OTHER VIEWS: Can coastal redwoods evolve fast enough?

 Updated 

Coast redwoods — enormous, spectacular trees, some reaching nearly 400 feet, the tallest plants on the planet — thrive mostly in a narrow strip of land in the Pacific Northwest of the United States. Most of them grow from Southern Oregon down into Northern California, snugged up against the rugged Pacific coast.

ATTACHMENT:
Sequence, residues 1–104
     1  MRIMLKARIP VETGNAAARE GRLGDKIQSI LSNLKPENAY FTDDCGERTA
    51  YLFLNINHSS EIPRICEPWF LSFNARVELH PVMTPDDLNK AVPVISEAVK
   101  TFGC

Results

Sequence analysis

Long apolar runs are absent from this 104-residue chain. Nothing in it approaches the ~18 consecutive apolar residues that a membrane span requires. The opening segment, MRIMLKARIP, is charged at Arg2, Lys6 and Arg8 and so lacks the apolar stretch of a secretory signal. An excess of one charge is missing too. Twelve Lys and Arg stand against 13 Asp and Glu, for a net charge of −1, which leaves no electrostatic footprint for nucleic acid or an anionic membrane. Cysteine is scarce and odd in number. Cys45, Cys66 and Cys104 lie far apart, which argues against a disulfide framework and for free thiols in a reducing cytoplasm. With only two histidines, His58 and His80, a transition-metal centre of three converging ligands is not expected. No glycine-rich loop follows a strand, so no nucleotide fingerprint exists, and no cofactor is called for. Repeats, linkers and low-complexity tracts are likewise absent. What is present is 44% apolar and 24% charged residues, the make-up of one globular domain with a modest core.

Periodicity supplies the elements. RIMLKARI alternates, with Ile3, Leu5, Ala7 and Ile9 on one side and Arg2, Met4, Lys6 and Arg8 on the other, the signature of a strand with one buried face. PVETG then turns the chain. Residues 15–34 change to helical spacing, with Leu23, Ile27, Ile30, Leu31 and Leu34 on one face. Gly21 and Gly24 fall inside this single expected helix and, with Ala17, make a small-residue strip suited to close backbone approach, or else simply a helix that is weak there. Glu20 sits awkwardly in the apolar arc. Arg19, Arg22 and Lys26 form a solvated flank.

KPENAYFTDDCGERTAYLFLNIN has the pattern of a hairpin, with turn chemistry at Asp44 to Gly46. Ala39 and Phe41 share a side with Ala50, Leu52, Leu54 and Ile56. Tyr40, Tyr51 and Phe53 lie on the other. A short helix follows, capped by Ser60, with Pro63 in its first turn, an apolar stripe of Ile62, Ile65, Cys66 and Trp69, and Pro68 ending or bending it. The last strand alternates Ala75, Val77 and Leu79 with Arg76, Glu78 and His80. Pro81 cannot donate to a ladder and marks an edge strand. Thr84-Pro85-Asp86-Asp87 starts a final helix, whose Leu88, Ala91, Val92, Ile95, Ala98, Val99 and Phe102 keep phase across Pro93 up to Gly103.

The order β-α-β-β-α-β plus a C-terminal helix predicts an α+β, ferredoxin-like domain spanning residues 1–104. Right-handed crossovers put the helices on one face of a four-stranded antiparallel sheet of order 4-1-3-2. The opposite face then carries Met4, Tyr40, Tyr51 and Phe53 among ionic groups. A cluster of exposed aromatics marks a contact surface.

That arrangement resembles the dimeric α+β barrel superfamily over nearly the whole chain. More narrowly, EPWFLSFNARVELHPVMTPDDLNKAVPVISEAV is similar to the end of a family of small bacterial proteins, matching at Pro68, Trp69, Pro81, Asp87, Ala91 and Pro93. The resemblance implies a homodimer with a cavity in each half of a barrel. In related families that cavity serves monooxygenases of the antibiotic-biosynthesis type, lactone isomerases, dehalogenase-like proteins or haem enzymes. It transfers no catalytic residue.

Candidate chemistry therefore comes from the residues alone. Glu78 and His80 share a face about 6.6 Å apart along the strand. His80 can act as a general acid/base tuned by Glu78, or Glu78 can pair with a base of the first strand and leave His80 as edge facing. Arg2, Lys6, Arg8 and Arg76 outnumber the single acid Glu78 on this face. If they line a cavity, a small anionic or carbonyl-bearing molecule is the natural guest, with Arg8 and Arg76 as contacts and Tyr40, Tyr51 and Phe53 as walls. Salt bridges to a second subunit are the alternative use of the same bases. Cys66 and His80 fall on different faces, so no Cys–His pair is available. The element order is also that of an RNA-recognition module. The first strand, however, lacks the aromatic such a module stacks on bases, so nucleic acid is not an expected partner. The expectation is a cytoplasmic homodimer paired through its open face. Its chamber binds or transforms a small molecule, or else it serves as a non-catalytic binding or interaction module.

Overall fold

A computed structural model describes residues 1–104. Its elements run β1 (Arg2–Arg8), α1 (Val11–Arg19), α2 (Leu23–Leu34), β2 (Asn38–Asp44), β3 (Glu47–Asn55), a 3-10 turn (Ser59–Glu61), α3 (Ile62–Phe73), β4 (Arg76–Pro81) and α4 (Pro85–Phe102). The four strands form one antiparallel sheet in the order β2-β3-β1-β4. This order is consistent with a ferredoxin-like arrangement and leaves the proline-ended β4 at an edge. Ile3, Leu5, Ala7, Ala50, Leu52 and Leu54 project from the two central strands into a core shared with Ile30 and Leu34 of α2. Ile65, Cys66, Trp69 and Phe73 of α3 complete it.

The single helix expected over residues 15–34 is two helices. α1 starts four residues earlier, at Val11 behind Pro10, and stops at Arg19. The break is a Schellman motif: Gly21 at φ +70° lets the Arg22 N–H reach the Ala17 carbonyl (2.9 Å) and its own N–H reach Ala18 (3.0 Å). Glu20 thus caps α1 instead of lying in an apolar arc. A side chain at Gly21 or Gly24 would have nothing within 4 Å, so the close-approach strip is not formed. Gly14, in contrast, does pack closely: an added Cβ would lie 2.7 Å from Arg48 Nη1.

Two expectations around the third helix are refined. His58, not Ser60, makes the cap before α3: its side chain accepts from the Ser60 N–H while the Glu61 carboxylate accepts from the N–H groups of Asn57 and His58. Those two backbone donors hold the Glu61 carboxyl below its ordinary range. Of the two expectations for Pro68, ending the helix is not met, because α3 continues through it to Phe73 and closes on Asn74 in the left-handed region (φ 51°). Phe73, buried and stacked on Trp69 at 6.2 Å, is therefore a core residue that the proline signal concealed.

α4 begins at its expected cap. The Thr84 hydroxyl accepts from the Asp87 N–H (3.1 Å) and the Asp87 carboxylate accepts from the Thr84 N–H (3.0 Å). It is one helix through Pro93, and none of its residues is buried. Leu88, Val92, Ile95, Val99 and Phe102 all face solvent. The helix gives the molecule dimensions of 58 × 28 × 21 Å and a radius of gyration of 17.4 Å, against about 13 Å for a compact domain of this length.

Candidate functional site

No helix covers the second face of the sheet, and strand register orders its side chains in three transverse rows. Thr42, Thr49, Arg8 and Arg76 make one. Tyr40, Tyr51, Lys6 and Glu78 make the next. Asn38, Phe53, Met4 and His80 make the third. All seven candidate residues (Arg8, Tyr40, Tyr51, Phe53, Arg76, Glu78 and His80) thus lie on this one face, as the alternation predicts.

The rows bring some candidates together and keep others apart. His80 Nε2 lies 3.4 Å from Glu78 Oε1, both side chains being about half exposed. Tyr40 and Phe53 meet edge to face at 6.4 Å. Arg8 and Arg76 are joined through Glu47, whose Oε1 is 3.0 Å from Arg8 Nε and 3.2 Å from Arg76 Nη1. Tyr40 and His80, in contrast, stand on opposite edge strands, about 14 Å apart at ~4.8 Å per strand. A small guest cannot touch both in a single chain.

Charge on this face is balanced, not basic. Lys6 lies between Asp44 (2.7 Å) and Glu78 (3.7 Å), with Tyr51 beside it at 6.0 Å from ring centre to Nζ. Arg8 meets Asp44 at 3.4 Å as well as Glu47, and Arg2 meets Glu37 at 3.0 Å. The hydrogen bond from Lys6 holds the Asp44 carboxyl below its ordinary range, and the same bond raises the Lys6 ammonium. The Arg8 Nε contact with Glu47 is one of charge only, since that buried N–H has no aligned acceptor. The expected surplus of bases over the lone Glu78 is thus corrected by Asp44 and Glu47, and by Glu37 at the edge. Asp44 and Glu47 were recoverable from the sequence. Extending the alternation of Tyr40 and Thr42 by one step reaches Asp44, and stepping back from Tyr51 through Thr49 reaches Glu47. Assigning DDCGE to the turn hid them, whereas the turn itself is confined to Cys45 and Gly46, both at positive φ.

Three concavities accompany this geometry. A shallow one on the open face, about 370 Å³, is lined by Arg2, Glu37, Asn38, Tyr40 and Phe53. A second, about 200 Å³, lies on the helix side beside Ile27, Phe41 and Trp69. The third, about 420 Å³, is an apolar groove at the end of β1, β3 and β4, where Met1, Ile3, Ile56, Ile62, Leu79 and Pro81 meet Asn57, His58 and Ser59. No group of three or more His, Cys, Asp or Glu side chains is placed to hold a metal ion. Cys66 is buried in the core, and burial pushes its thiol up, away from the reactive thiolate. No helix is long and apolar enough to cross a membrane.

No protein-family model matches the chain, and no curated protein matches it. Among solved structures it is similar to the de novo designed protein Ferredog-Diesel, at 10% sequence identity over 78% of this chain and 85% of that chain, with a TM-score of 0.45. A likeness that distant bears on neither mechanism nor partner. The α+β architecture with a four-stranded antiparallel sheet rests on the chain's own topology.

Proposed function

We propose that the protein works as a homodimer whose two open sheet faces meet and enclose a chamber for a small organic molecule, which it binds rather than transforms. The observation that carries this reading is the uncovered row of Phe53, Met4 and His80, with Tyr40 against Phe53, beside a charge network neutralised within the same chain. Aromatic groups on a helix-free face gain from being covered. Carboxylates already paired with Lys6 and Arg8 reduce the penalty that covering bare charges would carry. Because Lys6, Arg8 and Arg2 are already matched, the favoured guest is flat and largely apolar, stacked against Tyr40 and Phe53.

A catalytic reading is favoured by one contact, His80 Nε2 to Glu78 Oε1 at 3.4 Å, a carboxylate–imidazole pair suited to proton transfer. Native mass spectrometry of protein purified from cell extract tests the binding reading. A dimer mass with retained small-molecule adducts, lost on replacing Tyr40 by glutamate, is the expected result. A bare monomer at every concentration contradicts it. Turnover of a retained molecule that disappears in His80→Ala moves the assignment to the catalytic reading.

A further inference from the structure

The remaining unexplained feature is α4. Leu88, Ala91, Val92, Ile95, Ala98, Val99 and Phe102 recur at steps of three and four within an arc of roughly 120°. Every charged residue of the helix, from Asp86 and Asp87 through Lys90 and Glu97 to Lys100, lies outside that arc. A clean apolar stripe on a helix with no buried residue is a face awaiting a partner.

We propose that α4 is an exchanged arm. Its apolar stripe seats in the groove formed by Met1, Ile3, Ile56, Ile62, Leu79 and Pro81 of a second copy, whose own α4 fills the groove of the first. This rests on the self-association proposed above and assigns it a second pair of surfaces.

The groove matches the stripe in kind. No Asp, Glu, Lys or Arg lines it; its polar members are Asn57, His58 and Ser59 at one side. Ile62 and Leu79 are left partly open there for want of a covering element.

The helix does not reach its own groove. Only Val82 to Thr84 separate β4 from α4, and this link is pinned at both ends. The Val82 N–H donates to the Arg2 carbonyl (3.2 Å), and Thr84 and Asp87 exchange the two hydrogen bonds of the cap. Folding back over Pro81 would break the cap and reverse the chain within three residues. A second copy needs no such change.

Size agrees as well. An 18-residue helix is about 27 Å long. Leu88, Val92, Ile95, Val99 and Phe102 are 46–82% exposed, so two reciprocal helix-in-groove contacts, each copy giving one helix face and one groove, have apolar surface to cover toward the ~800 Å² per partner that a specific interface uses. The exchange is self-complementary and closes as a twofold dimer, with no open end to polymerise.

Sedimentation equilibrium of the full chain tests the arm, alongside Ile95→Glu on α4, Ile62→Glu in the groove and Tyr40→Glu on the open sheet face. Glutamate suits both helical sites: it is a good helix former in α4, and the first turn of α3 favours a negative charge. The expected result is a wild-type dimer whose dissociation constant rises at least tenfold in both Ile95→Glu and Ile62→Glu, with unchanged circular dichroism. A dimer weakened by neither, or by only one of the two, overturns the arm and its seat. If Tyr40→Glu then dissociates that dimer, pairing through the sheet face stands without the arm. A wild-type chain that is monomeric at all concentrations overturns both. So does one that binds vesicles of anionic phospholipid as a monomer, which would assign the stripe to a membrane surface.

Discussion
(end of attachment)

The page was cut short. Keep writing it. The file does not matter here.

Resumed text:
They have grown by slowly responding to moisture and rich alluvial soil over millenniums, combined with a genetic payload that pushes them to the upper limits of tree height. They are at risk — down to perhaps 70,000 individuals, falling from at least a half-million trees before humans arrived, but that’s not a new story, for we are all at risk.

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